The Shaping Of The Countryside - Ralph WhitlockReaders Union, 1980, Hardback in Dust Wrapper.
Condition: Very Good — in Very Good Dust Wrapper. Leans slightly. Text complete, clean and tight.
Illustrated with black and white photographs. From the cover: “What a pity we can’t keep the place as it used to be! is a common lament in contemporary rural Britain. To which the proper retort is: As it used to be when?
There is nothing static about the countryside, and there never has been. In every age, those who had their homes in the countryside considered, rightly, that they were living in an age of transition. The young looked forward to an improving future, the old surveyed the past nostalgically. The author of this penetrating book pertinently asks, did a man who trod the Wiltshire trackways 4,000 years ago (and whose skeleton was discovered by another, during excavations in the 1950s) shake his head in disapproval when he first saw the new Stonehenge, deploring the changes typified by the erection of such a monstrous structure?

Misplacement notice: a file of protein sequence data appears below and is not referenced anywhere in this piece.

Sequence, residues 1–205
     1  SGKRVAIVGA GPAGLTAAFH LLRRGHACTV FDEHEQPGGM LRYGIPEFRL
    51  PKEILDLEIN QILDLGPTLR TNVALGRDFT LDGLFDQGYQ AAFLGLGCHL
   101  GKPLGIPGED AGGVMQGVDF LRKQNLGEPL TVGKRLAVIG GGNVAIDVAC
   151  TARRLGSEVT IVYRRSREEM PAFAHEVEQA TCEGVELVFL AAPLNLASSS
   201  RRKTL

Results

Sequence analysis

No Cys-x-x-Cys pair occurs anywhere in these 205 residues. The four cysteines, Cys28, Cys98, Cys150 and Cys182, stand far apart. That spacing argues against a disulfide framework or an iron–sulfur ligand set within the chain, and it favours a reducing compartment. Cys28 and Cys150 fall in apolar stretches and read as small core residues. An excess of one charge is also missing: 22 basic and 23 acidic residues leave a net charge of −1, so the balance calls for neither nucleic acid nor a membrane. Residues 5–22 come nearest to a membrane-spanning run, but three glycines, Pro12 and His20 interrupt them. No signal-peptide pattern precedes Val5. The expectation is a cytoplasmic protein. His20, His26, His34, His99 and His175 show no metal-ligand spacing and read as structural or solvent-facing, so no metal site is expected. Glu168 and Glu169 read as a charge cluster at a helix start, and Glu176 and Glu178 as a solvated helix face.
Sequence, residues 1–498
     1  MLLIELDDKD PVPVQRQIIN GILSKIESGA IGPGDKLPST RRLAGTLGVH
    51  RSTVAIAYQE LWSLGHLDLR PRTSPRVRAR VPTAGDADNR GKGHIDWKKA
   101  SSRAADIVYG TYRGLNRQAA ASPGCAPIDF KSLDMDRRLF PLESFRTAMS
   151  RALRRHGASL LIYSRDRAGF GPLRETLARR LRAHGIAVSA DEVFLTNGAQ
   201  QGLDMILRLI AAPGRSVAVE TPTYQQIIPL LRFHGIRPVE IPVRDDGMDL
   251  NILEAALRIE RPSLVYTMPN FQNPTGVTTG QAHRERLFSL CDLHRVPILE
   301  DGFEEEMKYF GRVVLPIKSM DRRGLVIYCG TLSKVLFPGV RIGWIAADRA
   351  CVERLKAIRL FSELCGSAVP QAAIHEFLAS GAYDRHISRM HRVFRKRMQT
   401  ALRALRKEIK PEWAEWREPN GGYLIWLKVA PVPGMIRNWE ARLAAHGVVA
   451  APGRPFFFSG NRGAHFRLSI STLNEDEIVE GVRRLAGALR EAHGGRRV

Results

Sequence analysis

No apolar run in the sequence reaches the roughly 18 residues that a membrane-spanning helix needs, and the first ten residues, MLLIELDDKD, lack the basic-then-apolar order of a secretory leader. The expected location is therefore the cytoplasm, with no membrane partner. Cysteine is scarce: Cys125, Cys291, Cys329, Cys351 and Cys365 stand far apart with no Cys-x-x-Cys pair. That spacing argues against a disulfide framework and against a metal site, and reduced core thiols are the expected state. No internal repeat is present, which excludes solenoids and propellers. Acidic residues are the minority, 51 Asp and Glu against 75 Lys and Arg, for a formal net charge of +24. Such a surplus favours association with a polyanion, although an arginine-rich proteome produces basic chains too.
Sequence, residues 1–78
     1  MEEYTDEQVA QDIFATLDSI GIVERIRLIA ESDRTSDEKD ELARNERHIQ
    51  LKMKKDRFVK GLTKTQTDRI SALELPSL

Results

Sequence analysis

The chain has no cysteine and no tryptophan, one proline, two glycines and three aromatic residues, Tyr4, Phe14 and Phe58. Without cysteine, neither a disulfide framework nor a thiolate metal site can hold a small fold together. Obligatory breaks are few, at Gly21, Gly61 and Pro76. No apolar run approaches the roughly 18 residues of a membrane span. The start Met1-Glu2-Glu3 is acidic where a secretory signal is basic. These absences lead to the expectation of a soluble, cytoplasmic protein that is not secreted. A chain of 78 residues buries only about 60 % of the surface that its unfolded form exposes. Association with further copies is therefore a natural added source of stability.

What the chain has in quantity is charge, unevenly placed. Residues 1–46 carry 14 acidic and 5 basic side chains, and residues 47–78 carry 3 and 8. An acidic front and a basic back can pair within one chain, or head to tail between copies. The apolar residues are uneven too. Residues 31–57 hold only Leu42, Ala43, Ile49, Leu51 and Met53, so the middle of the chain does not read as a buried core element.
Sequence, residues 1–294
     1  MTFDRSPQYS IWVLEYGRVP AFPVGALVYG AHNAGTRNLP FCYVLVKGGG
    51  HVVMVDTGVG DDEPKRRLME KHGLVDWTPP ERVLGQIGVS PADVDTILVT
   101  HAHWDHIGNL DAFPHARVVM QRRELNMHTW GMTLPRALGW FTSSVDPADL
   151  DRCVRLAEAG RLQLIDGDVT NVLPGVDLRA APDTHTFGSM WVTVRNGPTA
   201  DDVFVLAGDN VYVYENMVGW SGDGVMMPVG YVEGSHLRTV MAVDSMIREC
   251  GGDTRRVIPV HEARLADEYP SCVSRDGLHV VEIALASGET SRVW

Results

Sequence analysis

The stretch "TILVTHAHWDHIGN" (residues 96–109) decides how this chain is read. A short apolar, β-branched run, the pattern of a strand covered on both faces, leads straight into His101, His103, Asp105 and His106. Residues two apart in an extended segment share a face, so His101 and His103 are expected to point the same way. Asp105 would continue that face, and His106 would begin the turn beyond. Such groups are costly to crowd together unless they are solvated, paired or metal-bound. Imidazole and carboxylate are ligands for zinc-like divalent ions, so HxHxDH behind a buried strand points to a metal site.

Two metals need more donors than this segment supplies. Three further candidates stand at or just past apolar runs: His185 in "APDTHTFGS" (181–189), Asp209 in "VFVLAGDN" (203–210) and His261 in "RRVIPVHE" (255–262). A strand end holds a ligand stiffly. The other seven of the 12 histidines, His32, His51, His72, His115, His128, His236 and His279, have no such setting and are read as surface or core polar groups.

Each generation has left its signature on the landscape. Much of the writing has been eradicated by time or nearly obliterated by super-impositions, but those who search with patience and understanding may hope to decipher much of it. In this book a distinguished countryman, bred in a West Country village in the days before electricity, piped water, telephones, sewage disposal programmes, agricultural mechanisation and daily paper and television bulletins had made their impact, offers a guide to the legacy of the past. Here, in proper perspective, the contributions of Celt and Saxon, Roman and Norman, hunting monarch and land-enclosing noble are succinctly surveyed. Who laid out the pattern of fields and hedges which characterises our countryside and distinguishes it so clearly from the geologically similar downs of Northern France? Who placed those upright stones in the middle of so many western and northern meadows? What has been the role of man in the design of our ancient woodlands? What implements made the kaleidoscopic patterns we see in the fields?
From this survey of the forces that have shaped our countryside so far, can we trace future trends? The author believes we can. At every stage, we encounter a choice of several ways. The future depends on which one we favour..”